As the fight over the warrantless placing of GPS trackers on suspects' cars continues, Americans continue to discover hidden GPS trackers. Wired's looked at these before, and today they've got the story of "Greg," a young man in San Jose, California, who found not one, but two warrantless trackers on his SUV.
The 25-year-old resident of San Jose, California, says he found the first one about three weeks ago on his Volvo SUV while visiting his mother in Modesto, about 80 miles northeast of San Jose. After contacting Wired and allowing a photographer to snap pictures of the device, it was swapped out and replaced with a second tracking device. A witness also reported seeing a strange man looking beneath the vehicle of the young man’s girlfriend while her car was parked at work, suggesting that a tracking device may have been retrieved from her car...
Greg says he discovered the first tracker on his vehicle after noticing what looked like a cell phone antenna inside a hole on his back bumper where a cable is stored for towing a trailer. The device, the size of a mobile phone, was not attached to a battery pack, suggesting the battery was embedded in its casing...
On Tuesday, Nov. 1, Wired photographer Jon Snyder went to San Jose to photograph the device. The next day, two males and one female appeared suddenly at the business where Greg’s girlfriend works, driving a Crown Victoria with tinted windows. A witness reported to Greg that one of the men jumped out of the car, bent under the front of the girlfriend’s car for a few seconds, then jumped back into the Crown Victoria and drove off. Wired was unable to confirm the story.
There was no writing on the tracker to identify its maker, but a label on the battery indicated that it’s sold by a small firm in Farmingdale, New York, called Revanche. A notice on a government web site last June indicates that it was seeking 500 of the batteries and 250 battery chargers for the Drug Enforcement Administration. A separate notice on the same site in 2008 refers to a contract for what appears to be a similar Revanche battery. The notice indicates the batteries work with GPS devices made by Nextel and Sendum.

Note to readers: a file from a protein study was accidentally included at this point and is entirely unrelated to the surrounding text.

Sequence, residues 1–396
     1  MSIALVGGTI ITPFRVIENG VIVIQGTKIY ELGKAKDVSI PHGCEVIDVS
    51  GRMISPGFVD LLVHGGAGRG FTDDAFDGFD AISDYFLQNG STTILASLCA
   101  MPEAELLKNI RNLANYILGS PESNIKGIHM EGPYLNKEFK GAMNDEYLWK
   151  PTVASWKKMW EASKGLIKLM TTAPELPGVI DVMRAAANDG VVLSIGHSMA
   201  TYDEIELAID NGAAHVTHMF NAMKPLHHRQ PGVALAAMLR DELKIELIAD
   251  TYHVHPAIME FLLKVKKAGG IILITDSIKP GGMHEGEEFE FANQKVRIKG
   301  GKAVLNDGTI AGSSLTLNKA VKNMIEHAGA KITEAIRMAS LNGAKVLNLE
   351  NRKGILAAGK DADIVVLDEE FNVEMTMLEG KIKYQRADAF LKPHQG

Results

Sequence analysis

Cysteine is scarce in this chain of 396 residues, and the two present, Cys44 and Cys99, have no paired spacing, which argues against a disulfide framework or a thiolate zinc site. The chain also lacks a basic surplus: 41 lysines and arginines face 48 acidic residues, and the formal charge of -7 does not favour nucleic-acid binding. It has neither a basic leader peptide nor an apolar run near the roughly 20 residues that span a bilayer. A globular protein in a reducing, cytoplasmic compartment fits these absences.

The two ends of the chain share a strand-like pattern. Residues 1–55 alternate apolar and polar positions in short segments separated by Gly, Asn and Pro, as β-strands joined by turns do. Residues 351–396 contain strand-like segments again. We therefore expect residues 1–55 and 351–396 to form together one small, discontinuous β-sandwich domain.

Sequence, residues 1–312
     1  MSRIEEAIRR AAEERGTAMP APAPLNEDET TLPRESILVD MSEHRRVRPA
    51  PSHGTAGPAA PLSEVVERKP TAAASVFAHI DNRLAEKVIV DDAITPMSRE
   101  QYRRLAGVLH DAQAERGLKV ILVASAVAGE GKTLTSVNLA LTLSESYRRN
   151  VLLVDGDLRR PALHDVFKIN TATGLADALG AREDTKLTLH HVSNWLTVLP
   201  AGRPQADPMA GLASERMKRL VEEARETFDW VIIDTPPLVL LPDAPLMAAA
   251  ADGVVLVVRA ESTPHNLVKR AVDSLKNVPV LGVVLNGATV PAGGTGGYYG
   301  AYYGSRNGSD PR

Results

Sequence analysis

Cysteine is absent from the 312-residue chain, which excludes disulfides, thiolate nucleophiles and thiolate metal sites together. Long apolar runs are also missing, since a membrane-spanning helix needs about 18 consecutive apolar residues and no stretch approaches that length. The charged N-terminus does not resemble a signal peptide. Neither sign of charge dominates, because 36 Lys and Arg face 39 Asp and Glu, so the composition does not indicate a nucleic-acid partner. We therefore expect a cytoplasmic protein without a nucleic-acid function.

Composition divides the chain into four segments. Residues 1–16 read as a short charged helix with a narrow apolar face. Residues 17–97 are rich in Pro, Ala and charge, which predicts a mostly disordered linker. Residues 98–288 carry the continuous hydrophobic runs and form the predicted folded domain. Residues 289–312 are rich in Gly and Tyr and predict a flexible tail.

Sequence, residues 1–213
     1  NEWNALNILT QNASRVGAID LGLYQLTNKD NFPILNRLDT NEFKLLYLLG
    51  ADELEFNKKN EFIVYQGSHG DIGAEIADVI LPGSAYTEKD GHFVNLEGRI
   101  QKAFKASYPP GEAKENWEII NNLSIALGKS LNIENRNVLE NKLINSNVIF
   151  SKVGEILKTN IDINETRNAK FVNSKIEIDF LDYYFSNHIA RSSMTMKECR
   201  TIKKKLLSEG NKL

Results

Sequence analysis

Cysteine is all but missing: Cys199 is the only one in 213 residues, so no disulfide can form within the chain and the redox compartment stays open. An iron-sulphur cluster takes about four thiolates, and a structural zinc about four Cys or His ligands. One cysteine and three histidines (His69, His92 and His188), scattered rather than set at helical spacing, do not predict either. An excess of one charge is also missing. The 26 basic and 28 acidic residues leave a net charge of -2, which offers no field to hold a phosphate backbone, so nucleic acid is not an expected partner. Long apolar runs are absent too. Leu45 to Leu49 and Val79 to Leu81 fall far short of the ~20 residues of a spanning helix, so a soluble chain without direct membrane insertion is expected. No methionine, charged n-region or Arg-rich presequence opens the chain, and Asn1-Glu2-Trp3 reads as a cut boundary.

The Electronic Frontier Foundation are asking the Supreme Court to ban the practice of using warrantless GPS-based bugs to track citizens' movements. They've just been joined in their appeal by Roger L. Easton, the principal inventor of GPS technology.
Roger L. Easton is considered the father of GPS as the principal inventor and developer of the Timation Satellite Navigation System at the Naval Research Laboratory. The current GPS is based on Timation, and its principles of operation are fundamentally identical. In an amicus brief filed with the Supreme Court Monday in United States v. Jones, EFF, Mr. Easton, along with other technology experts, pointed out the many ways in which GPS tracking is fundamentally different from and more invasive than other surveillance technologies the court has allowed before, and how law enforcement use of GPS without a warrant violates Americans' reasonable expectations of privacy.
"This is the first case where the Supreme Court will consider automatic, persistent, passive location tracking by law enforcement," said EFF Senior Staff Attorney Marcia Hofmann. "The government can use location information over time to learn where you go to church, what sort of doctors you go to, what meetings and activities you participate in, and much more. Police should not have blanket permission to install GPS devices and collect detailed information about people's movements over time without court review."
In Jones, FBI agents planted a GPS device on a car while it was on private property. Agents then used the GPS to track the position of the vehicle every ten seconds for a full month without obtaining a search warrant. An appeals court ruled that the surveillance was unconstitutional without a warrant, but the government appealed the decision.
(Image: Caught Spying on Student, FBI Demands GPS Tracker Back, Wired.com)